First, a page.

Scope Creep & the Imploding of Rules

Douglas G. Kues
Latest posts by Douglas G. Kues (see all)

Scope Creep & the Imploding of Rules Have Little to Do With Appraising. 

…the imploding rules then implemented, and the scope creep that evolved because the cart was leading the horse, has severely lessened the reliability of ALL appraisals in my opinion.

ANSI, while certainly worthy of discussion and taking a position on, will not solve the real “appraisal problem” that we all have. It really isn’t an effective tool anyway, but what the heck do I know. Being one of those AG certified from the very beginning, too early to get trained by anyone above me, since 1992, and licensed in real estate since 1971, and a broker since 1991, in a rural and complex market where there was no building department (or effective assessor) until the mid 1960s, with a substantial percentage of homes on hillsides and built well before permits existed, we have our challenges.

Nonetheless, years ago I could tell you what a home or small commercial property (that’s all we have around here) would likely sell for within a couple of thousand dollars by walking through it. While licensing for this ability was inevitable, and probably necessary, the imploding rules then implemented, and the scope creep that evolved because the cart was leading the horse, has severely lessened the reliability of ALL appraisals in my opinion.

Think about it… how Fannie Mae will reject a loan over a missing water heater strap; or in my case feeling the pressure to always tell them in writing that this home built 80 years ago still has a remaining economic life of over 30 years (or, more accurately, exactly 30 years so that they can do their loan if I expect to keep getting assignments from them, is what has ruined the profession). Look at FHA. The concept has gone from value to health and safety, and the appraiser has gone from valuation professional to home inspector, all with increasing liability.

Now, we all know that the primary motivation for sanctions and license revocation by BREA is allocated to terrible adjustments either intentionally or otherwise, and yet virtually all policy changes trickle down to a direct influence on the risk we take doing our jobs.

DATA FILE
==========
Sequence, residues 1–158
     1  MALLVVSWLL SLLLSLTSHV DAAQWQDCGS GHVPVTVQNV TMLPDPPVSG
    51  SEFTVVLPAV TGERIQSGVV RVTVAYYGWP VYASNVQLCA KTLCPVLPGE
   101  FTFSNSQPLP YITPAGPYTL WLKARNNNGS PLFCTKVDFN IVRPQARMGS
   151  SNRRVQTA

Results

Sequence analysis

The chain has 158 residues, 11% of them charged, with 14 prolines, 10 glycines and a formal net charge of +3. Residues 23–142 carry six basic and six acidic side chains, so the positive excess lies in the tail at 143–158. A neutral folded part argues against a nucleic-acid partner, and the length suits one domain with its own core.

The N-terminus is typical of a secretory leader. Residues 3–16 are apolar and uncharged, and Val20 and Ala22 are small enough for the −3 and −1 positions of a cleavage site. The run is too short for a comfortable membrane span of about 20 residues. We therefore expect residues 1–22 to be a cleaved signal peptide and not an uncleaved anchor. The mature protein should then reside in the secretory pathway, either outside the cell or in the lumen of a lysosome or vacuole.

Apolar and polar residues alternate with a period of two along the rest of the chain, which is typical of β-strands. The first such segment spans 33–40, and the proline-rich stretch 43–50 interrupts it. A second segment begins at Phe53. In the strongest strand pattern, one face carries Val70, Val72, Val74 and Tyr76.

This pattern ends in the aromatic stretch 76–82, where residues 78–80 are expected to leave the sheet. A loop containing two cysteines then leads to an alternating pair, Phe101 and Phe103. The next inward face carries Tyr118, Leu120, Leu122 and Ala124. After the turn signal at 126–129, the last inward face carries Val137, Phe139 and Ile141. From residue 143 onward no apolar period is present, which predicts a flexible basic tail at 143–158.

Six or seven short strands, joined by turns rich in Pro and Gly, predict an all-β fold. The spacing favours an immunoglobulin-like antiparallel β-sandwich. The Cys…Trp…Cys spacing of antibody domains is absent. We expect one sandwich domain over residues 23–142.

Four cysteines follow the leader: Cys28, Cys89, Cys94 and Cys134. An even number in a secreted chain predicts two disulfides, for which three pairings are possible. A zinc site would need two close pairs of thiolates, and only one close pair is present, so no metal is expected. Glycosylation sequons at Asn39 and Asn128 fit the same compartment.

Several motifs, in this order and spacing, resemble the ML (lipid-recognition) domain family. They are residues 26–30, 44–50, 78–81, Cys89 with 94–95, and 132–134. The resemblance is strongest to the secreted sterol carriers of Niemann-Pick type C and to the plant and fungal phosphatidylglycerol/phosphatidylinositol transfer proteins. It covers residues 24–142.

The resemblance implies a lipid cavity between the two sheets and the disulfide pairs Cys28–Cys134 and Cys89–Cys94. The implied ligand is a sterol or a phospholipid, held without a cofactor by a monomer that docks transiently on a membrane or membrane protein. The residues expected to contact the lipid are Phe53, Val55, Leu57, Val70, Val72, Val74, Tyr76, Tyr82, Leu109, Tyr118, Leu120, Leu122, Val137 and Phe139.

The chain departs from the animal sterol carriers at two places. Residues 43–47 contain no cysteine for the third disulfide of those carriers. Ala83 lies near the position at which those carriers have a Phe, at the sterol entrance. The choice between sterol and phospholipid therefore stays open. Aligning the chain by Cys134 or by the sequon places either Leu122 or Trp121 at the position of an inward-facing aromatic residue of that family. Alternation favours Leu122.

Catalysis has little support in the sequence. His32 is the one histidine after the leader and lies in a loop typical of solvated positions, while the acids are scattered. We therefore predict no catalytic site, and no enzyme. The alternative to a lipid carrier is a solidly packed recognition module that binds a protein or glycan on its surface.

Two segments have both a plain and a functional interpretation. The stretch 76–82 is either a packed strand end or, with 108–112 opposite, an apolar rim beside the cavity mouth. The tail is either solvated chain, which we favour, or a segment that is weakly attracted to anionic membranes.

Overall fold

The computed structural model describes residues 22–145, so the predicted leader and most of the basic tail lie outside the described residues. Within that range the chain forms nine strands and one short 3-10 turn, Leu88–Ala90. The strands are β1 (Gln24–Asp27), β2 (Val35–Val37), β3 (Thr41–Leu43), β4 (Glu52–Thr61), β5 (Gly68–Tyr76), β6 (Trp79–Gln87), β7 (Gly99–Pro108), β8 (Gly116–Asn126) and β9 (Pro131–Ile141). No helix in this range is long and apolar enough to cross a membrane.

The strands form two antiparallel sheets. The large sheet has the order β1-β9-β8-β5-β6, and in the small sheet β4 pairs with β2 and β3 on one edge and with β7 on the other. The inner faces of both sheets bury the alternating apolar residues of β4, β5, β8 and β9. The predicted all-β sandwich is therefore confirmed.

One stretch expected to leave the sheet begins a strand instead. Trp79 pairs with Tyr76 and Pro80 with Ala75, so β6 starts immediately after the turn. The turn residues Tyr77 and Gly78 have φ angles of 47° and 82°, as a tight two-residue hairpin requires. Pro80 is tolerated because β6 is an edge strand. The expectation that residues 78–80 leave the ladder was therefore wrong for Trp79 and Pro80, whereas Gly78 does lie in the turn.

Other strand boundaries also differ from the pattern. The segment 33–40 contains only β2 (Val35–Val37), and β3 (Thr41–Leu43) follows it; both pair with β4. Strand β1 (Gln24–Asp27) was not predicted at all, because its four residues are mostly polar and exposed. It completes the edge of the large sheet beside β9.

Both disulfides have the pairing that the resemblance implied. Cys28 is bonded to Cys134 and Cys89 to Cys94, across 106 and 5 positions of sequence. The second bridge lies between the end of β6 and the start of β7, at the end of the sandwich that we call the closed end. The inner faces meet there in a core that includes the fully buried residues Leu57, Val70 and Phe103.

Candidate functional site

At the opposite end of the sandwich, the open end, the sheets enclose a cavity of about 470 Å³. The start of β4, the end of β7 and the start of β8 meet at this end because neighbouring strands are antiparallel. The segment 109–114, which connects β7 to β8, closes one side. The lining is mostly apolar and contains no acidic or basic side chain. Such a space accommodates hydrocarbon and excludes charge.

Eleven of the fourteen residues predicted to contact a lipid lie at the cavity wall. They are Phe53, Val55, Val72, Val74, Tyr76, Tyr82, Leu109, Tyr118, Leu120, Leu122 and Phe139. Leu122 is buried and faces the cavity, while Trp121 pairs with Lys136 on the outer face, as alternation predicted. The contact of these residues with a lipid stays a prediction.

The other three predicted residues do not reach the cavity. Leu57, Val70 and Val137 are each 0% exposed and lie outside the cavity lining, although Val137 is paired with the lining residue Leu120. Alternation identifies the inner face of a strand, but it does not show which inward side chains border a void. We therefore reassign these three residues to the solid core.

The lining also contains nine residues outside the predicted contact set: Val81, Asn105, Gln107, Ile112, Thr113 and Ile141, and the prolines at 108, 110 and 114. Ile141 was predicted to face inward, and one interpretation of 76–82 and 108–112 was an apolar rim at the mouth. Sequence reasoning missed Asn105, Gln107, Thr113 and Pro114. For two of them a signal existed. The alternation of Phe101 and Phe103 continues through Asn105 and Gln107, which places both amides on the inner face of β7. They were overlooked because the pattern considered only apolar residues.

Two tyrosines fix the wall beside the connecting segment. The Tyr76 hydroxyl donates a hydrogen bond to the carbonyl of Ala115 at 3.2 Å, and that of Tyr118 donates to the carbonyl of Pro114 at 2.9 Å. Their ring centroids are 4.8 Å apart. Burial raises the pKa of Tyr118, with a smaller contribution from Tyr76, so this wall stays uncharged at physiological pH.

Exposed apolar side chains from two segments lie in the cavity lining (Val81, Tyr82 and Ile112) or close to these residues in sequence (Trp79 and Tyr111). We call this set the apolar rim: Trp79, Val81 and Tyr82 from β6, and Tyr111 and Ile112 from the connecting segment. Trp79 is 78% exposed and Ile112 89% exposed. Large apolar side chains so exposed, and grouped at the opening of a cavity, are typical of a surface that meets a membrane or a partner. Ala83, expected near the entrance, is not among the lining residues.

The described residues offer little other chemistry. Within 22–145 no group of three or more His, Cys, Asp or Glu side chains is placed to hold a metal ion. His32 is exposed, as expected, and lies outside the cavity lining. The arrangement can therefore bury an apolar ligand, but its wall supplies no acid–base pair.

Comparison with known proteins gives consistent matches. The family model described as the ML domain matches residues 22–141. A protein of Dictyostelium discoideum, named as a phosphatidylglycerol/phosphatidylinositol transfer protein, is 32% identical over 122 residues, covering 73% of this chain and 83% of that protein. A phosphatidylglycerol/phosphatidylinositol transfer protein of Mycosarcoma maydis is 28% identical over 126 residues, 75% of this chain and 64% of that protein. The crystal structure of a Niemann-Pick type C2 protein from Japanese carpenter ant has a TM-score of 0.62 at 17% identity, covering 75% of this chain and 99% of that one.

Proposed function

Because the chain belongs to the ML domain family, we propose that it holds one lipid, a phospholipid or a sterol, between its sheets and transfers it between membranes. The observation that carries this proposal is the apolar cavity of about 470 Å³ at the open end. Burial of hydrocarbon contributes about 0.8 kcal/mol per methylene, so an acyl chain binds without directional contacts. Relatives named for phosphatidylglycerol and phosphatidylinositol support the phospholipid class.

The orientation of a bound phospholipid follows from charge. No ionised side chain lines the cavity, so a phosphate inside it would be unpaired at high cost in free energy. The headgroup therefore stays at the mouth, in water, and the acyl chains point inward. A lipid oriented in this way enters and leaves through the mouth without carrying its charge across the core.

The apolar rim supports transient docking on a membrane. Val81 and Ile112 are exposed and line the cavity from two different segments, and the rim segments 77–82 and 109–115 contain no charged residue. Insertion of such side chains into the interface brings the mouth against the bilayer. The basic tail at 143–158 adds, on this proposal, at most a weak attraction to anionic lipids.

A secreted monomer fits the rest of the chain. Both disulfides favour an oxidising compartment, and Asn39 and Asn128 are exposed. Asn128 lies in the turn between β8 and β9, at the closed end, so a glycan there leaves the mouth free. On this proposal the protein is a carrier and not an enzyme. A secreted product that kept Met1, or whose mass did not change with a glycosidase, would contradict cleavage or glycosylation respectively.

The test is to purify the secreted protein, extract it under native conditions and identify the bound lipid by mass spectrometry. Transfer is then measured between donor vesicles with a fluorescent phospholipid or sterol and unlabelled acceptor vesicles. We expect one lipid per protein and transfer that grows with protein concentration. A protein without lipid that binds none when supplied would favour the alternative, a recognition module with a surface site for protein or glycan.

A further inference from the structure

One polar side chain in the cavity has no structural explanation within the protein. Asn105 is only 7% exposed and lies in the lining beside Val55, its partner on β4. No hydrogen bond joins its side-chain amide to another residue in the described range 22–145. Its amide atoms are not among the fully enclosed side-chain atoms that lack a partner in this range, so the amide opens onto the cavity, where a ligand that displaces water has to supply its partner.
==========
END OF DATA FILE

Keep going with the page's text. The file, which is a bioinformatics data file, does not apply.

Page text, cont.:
Fellow appraisers, I can generally still tell you what a home will sell for in my market within a 3-5% margin in minutes without any sort of report, but I sure do notice that my reports now are 50-60 pages long with 16 pages of disclaimer and scope of work clarifications, combined with the myriad of rules having little or nothing to do with value or marketability, and that my margin of error because of all that is now 10-12% based on following the mandated guidelines that really should not be appraisal industry standards that are enforceable.

I can still tell you pretty close by reasonable observation what your property will sell for because of all the years hanging around this market area and industry, and really don’t even need to know what the square footage is. I was so hoping to be a helpful participant in this blog and to gain some serious insight into the overall impact, but too much time wondering where all this banter is coming from, and why we can’t as a large group with a substantial voice, keep things in line without blind submission. Go figure.

Douglas G. Kues

Douglas G. Kues

Douglas G. Kues is a Certified General Real Estate Appraiser and has been licensed by the State of California to practice real estate since 1970. Primary practice has been commercial-investment and business real estate brokerage and valuation. He has been in the real estate and appraisal business and a resident of Lake County since 1988.

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24 Responses

  1. Baggins Baggins says:

    Thank you Doug.

    Scope creep. An interesting concept to be aware of.
    https://en.wikipedia.org/wiki/Scope_creep

    This is an interesting reference piece in the references:
    https://books.google.com/books?id=BnuZBgAAQBAJ&pg=PA52#v=onepage&q&f=false

    That is an interesting read, the details of scope creep.
    “To make matters worse, the purported benefits of the change are often unrealistically over estimated.”

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  2. Avatar Coach says:

    Great article Doug. Yes things were so different when I started appraising in the late 80s. I think my reports were only a few pages long.

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  3. Avatar Eric Kennedy says:

    I started in 1995 – 3 counties – no MLS and no internet. DOS program and 1-hour photo was a 30 minute drive one way. It took me as long then to complete a report as it does now. 3 printed copies sent overnight on UPS. and…. I enjoyed the job much better back then. Scopa Creepin and The Cobra Effect.

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  4. Baggins Baggins says:

    This is such a popular sentiment. They’ve piled on too much and job satisfaction with appraisers has plummeted. Work life balance, benefits, rewards, satisfaction, compensation, all the metrics they apply to their own working positions is apparently an inconsequential consideration when dealing with appraisers.

    May I please bring to your attention, todays RE Colorado RESO compliant Corelogic Matrix brand Denver area MLS publication on structure type and attributable size… Refreshing like a can of cold soda on a summer day.